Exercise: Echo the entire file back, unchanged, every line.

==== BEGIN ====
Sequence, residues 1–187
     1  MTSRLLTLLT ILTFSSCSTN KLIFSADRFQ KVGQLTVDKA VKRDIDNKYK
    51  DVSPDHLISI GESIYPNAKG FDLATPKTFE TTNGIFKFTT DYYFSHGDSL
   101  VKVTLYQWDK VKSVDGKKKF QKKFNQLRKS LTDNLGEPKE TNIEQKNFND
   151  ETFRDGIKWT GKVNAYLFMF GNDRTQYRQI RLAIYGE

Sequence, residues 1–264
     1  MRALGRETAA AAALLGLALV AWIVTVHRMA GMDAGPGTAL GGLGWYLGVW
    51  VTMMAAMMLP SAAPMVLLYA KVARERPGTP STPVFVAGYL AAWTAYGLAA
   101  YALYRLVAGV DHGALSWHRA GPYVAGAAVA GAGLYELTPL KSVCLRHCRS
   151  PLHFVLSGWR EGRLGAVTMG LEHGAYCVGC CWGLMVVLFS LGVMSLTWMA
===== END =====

Sequence, residues 1–187
     1  MTSRLLTLLT ILTFSSCSTN KLIFSADRFQ KVGQLTVDKA VKRDIDNKYK
    51  DVSPDHLISI GESIYPNAKG FDLATPKTFE TTNGIFKFTT DYYFSHGDSL
   101  VKVTLYQWDK VKSVDGKKKF QKKFNQLRKS LTDNLGEPKE TNIEQKNFND
   151  ETFRDGIKWT GKVNAYLFMF GNDRTQYRQI RLAIYGE

Sequence, residues 1–264
     1  MRALGRETAA AAALLGLALV AWIVTVHRMA GMDAGPGTAL GGLGWYLGVW
    51  VTMMAAMMLP SAAPMVLLYA KVARERPGTP STPVFVAGYL AAWTAYGLAA
   101  YALYRLVAGV DHGALSWHRA GPYVAGAAVA GAGLYELTPL KSVCLRHCRS
   151  PLHFVLSGWR EGRLGAVTMG LEHGAYCVGC CWGLMVVLFS LGVMSLTWMA